Darker love, like conspiratorial clouds, lurks elsewhere. One of the most expected titles here is called just that: Amour, or love, is the latest film by Austrian master Michael Hanake. The shock factor is minimised here, and Amour is surprisingly tender and low-key in its portrayal of the cloistered life of an old French couple facing the final test of their love when the wife falls ill with a terminal disease. But this is a Hanake film, and our knowledge that something frightening and emotionally wrenching won't be left out of the playbook is soon realised, bloodless and hushed this time. Tears are shed (a good and bad sign), and a closure comes in the form of a wandering pigeon. It's not hard to put the film as a frontrunner of the Palme d'Or.

Amour is not the only film that brandishes the word "love" up front. But "love" assumes an extreme and alarming hue in Ulrich Seidl's Paradies: Liebe (Paradise: Love); when those two words are strung to make a movie title, you know that what happens can neither be paradisal or lovely. Seidl, as usual, digs into the underbelly of European guilt and bourgeoise weaknesses (his reading list may include Michel Houllebeqc); in Paradies: Liebe, a middle-aged Austrian woman travels to Kenya on vacation and soon adopts the lifestyle of a sex tourist. The musical chair of exploitation _ the visitors on the locals, the locals on the visitors, with the locals winning, because they don't believe in paradise bur probably only in hell _ becomes the projected image of post-colonial dream and fantasy and the dynamics of human relation at its most cynical tangling. Paradies: Liebe features several scenes of extreme awkwardness, including one in which four not-so-young women compete to get a young black man to have a hard-on. Maybe Seidl would consider making his next film in Thailand.

Class and love also clash in Baad el Mawkeaa (After the Battle), an Egyptian drama by Yousry Nasrallah set after last year's anti-Mubarrak protest. When a fashionable NGO woman falls for a rough horse-riding man embittered by the middle-class uprising, romance is not just impossible but also thornily politicised. A stolen kiss in the desert won't make an equal society. While the film is too unsubtle to exert any real impact, its subject matter is so topical and somewhat analogous with Thailand that I found it worthy to take note _ and to convince festival programmers in Thailand perhaps to consider bringing it home.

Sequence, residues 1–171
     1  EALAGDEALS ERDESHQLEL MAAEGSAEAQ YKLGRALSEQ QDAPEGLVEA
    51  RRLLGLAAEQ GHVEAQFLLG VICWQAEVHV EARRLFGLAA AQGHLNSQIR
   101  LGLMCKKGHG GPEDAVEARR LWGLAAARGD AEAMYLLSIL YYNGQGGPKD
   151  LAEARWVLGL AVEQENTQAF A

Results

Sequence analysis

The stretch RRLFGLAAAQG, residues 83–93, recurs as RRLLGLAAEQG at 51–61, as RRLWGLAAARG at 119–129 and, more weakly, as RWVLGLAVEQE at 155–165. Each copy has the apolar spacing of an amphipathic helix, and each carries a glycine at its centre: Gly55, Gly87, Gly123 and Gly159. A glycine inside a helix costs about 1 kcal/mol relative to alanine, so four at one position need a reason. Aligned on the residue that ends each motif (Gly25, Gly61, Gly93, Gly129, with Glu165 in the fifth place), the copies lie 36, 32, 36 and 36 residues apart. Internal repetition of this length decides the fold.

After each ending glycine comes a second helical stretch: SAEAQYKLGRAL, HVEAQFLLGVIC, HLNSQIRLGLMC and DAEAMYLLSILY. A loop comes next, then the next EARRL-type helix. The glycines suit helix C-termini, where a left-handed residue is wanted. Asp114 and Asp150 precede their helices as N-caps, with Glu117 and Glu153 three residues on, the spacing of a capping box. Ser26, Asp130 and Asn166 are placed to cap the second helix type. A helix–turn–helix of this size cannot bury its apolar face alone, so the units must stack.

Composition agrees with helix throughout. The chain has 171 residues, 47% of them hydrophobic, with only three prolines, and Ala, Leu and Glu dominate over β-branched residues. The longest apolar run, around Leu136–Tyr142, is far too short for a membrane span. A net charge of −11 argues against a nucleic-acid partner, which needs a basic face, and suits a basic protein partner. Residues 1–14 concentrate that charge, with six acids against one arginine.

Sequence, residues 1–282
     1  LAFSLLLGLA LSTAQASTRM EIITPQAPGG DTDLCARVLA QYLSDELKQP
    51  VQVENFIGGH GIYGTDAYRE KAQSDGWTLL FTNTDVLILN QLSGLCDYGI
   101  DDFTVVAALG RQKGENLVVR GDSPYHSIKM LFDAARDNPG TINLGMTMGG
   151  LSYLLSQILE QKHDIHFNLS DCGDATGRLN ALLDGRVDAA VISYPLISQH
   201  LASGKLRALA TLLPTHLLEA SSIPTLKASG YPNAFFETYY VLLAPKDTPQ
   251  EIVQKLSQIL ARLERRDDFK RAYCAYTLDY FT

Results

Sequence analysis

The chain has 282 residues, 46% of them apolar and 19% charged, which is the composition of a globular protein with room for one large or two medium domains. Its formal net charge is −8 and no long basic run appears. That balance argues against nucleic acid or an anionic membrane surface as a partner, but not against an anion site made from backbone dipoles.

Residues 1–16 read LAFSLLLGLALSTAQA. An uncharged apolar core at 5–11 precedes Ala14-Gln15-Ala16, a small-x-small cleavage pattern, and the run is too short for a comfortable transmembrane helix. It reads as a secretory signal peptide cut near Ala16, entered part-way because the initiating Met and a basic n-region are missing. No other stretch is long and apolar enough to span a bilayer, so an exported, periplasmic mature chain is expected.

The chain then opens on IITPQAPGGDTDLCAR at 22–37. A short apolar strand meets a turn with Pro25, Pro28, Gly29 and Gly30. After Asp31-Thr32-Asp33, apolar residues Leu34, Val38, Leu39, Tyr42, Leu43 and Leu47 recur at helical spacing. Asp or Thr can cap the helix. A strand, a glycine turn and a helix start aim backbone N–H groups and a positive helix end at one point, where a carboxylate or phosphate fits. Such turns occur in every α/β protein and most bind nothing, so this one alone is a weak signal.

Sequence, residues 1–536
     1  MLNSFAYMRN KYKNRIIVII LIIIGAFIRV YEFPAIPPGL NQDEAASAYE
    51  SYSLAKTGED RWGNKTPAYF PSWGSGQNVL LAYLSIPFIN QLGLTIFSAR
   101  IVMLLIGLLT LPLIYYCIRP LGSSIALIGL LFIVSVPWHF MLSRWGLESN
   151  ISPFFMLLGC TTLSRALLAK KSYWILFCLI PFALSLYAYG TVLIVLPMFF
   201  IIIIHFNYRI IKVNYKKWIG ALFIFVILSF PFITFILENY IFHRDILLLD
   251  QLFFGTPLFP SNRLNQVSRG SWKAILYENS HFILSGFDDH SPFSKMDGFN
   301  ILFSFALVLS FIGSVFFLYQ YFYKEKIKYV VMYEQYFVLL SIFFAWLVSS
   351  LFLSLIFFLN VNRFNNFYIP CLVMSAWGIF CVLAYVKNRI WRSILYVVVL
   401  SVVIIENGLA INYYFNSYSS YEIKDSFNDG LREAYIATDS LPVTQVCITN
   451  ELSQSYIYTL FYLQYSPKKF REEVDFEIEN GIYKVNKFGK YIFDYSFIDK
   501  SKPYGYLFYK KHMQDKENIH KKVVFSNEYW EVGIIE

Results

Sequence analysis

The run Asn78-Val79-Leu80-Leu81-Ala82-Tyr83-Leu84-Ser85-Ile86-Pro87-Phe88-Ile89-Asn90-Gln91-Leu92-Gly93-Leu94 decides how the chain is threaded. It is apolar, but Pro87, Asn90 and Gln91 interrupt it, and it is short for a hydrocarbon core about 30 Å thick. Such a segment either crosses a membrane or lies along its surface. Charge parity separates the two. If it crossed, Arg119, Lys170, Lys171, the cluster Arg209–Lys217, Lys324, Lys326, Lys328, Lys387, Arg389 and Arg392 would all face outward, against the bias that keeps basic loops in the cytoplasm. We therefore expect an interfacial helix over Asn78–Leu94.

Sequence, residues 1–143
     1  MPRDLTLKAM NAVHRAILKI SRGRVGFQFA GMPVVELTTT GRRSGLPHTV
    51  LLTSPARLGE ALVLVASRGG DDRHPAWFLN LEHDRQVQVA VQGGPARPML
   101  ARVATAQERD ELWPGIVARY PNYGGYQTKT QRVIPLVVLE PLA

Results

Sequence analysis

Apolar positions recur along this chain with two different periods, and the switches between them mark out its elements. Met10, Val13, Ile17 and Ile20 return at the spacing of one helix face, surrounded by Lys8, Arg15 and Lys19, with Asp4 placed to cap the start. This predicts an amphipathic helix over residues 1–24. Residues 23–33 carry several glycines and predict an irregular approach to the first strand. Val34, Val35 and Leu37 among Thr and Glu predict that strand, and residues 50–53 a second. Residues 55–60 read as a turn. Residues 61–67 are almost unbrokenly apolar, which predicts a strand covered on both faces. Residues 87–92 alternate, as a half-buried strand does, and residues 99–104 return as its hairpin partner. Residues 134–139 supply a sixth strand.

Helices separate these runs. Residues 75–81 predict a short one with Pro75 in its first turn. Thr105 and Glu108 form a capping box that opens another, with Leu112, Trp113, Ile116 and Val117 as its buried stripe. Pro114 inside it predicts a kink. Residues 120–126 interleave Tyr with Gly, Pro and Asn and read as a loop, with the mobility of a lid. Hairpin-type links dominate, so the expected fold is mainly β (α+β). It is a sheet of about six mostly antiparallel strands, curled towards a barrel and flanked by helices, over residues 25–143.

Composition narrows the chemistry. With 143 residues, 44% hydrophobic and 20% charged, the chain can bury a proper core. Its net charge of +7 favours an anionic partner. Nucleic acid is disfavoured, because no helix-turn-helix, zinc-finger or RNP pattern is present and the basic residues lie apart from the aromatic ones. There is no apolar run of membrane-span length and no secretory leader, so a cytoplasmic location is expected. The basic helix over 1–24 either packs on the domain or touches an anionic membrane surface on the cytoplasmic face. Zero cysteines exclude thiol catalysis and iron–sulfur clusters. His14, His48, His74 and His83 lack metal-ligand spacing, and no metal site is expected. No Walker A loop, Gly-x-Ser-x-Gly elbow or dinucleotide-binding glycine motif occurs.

Cannes didn't plan this for sure, but the spectrum of love is so diverse and unpredictable at least during the first half of the 12-days festival that ends on Sunday. Besides the Competition films, we also saw the murderous love in Lou Ye's Mystery, showing in the Un Certain Regard sidebar, in which a man spreads his feeling among too many women and eventually becomes a lurid symbol of amoral nouveau riche of new China. Another hit in the Un Certain Regard is the 159-minute epic love story Laurence Anyways, by the 22-year-old Canadian wunderkind Xavier Dolan. This is a strange and tender creature: Laurence of the title is a man who decides one day to become a woman, and his troubled relationship with his girlfriend (also a woman) becomes the most intriguing gender study in the entire festival. It's not a "gay film" in that literal sense, but something that tries to represent the wondrous fluidity of sexual and human feelings. Dolan's style is a tad too florid for my taste, yet again, this is the director's worthy attempt to tackle a more adult issue, and I hope Bangkok festival curators will try to bing it here.

In the second half of Cannes, it seems that romance will have to give way to something else, like violence and apocalypse. Brad Pitt has arrived with his director, Andrew Dominik, to show Killing Them Softly, a crime noir about a poker game gone bad; and Robert Pattinson is in David Cronenberg's Cosmopolis, a limo trip through Manhattan hell.

We'll keep you posted on our website, since many films showing in the second half will be released in Bangkok. Meantime, we'll keep watching and prophecising, and of course it's not foolish to rely on something as delicate as wayward as love.

The oldest director who has a film in Competition this year is Alain Resnais, 86, a living legend who made the modernist masterpiece Hiroshima Mon Amour, back in 1959. Resnais is here, white-haired and red-shirted, and the name of his new film based on the play Eurydice _ about the love that lives even beyond death _ props up our hope in Cannes and in cinema as a whole. Vous n'avez encore rien vu (You Ain't See Nothing Yet), the title reads. Let's pray Resnais is right.